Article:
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Covid/Coronavirus and diabetes - the numbers

Discussion in 'Diabetes Discussions' started by Lupf, May 15, 2020.

  1. Daphne917

    Daphne917 Type 2 (in remission!) · Well-Known Member

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    Unfortunately it doesn’t always work. Despite being on a number of drugs inc beta blockers, blood pressure pills, digitoxin and Parkinson Pills the only regular check he gets is his INR due to being on Warfarin. The asthma clinic closed 2 years ago because they couldn’t find a new asthma nurse. A new GP in the practice was horrified to find that he had had no blood tests for 3 years to check his kidney function etc nor had his blood pressure checked for 2 years. Hopefully he will now get proper checks. Ironically if he didn’t have chronic conditions he would probably be getting more health checks. I tried to book him in once but he didn’t qualify due to being a regular visitor to the practice!!!
     
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  2. bulkbiker

    bulkbiker Type 2 · Oracle

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  3. Jim Lahey

    Jim Lahey I reversed my Type 2 · Well-Known Member

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  4. Debandez

    Debandez Type 2 (in remission!) · Well-Known Member

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  5. Mr_Pot

    Mr_Pot Type 2 · Well-Known Member

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  6. Debandez

    Debandez Type 2 (in remission!) · Well-Known Member

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  7. Brunneria

    Brunneria Other · Moderator
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    My opinion is that unless someone tested positive for covid-19 back in October, then there is absolutely no evidence that they had Covid-19 back in October, and they are just speculating wildly.

    Everyone seems to be conveniently forgetting that there are numerous other virus floating about, from colds to influenza with a massive cross over of symptoms. Just like any other year.

    Even having antibodies now, more than 6 months later is no evidence of having had Covid-19 last year. All it proves is that the individual has generated antibodies to covid-19 after some kind of exposure to it. Could have been an asymptomatic infection, and it could have been a month ago, not last October.

    ed. to add: There seem to be a few people vying for some kind of Social Media Patient Zero accolade. Seems rather pointless to me.
     
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    #207 Brunneria, Jun 9, 2020 at 12:50 PM
    Last edited: Jun 9, 2020
  8. Jamie H

    Jamie H · Well-Known Member

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    Agree with this 100%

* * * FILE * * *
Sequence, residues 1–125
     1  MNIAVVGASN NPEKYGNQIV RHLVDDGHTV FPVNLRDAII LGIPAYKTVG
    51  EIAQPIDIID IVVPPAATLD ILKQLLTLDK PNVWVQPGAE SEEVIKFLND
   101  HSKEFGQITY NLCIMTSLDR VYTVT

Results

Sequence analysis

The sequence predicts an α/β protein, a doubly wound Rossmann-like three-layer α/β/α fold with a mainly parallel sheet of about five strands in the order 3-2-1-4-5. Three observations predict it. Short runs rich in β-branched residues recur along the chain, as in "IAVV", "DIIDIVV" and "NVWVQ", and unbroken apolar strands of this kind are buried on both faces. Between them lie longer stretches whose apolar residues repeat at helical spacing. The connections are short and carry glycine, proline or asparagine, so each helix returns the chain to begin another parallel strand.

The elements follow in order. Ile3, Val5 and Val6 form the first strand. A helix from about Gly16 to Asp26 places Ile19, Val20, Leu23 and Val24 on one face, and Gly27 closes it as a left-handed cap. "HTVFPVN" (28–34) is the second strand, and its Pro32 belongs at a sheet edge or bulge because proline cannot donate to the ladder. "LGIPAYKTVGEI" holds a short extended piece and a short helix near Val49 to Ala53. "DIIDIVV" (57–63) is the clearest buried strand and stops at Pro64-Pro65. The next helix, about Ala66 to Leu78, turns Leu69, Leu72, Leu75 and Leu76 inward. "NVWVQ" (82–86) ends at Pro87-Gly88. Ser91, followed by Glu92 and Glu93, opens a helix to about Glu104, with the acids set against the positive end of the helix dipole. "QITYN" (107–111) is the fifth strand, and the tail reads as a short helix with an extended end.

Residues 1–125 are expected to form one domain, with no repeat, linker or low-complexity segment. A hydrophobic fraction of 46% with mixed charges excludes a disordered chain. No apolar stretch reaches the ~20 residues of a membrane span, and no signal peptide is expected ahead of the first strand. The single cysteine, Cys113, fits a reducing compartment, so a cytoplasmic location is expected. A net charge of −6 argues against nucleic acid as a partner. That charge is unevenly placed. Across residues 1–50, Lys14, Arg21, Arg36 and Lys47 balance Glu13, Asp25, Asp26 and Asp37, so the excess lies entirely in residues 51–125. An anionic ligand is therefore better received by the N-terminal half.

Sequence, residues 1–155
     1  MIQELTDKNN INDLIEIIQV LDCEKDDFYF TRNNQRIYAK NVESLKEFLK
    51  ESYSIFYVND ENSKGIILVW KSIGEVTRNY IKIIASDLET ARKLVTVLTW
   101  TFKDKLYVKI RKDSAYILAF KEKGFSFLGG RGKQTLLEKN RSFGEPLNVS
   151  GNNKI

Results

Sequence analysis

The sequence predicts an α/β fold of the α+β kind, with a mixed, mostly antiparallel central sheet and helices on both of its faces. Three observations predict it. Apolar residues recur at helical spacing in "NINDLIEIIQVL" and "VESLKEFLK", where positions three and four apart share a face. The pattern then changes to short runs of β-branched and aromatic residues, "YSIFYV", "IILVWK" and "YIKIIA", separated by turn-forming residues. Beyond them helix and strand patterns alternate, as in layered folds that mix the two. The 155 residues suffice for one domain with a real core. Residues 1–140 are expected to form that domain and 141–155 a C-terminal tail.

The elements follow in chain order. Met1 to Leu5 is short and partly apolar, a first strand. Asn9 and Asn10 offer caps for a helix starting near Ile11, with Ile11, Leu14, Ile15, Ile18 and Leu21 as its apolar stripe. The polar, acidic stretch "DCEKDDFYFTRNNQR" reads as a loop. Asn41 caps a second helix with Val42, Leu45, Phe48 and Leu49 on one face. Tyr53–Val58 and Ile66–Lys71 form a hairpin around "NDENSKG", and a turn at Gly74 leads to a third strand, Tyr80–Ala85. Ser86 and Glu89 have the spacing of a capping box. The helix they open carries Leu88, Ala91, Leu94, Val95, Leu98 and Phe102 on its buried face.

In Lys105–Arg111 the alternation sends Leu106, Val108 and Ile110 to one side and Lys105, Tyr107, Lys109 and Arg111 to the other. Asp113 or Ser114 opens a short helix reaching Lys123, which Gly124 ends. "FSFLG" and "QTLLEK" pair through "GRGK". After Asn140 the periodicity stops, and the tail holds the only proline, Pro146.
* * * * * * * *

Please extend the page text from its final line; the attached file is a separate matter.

However, interested to see if there's any mileage on claims around T cell immunity and how these aren't being picked up on antibody tests.

    Also recent claims by WHO asymptomatic people aren't spreading covid as easily as first thought.

    Both positive in their own way.. Could lead to the virus burning out if the latter is true and symptomatic people can be traced effectively.
     
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  9. Debandez

    Debandez Type 2 (in remission!) · Well-Known Member

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    I have never felt so poorly as I did end November. And I've never had an illness where I've struggled to breath. Persistent cough that lasted well into March and even now i have very chesty days. I'm contemplating asking my Dr for an xray as i feel there has been permanent damage.

    Symptoms came in waves. Felt I was getting better, then BOOM I got worse. 3 times. Another trait I believe

    Fever/hot/cold/chills
    Couldn't breath all the way in
    Persistent cough (my post on fb actually say 'a cough that would kill a horse)
    Wheezy as! (Post says 'like I smoke 100 a day and ive never smoked one cigarette)
    Headache rated 3 on a scale of 1 to 10 ( I hardly ever get them)
    Nausea
    Lack of appetite (lost 5lbs)
    Tired

    This is why I did the antibody test which came back positive. Hubby who was very poorly starting 2 days before me came back negative. Which confuses me even more. But through research (thanks mainly to Ivor Cummins) I've learned why these tests can show no antbodies.

    I do realise that i could have picked covid up asymptomatically since November.

    I'm the sort of person who has to have answers and am trying to find them. Its driving me quite bonkers actually.

    Personally I'm not after any accolade, I'm sharing our results highlighting the probability it was here earlier than first thought. I wouldn't be happy being pt zero either.
     
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    #209 Debandez, Jun 9, 2020 at 1:45 PM
    Last edited: Jun 9, 2020
  10. Mr_Pot

    Mr_Pot Type 2 · Well-Known Member

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    Had you or your husband been abroad just prior to your November illness?
    The main reason I found the article absurd was the fact that they seem to have based it on the hospital car park being full. In my experience hospital car parks are all too often full.
     
  11. Debandez

    Debandez Type 2 (in remission!) · Well-Known Member

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    No but me and hubby went to school reunion on 21st November. Lots of ex pupils and teachers hugging and shaking hands. One lady almost didn't come as so poorly. Over 350 people. They came from far and wide. 1st reunion ever. 100 year celebration.

    Hubby fell ill 24th, then me in 26th, extremely poorly 27th onwards.

    https://www.blackpoolgazette.co.uk/...-pupils-delight-thames-school-reunion-1325494
     
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    #211 Debandez, Jun 9, 2020 at 2:32 PM
    Last edited: Jun 10, 2020
  12. Brunneria

    Brunneria Other · Moderator
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    I'm sorry that you are still not feeling 100%, but that isn't a conclusive sign of COVID-19 either.

    The symptoms you describe are NOT restricted to COVID-19 and people feel incredibly ill with flu every year. with and without pneumonia and sometimes permanent lung damage. Such illnesses are horrible, sometimes life threatening, and sometimes life altering.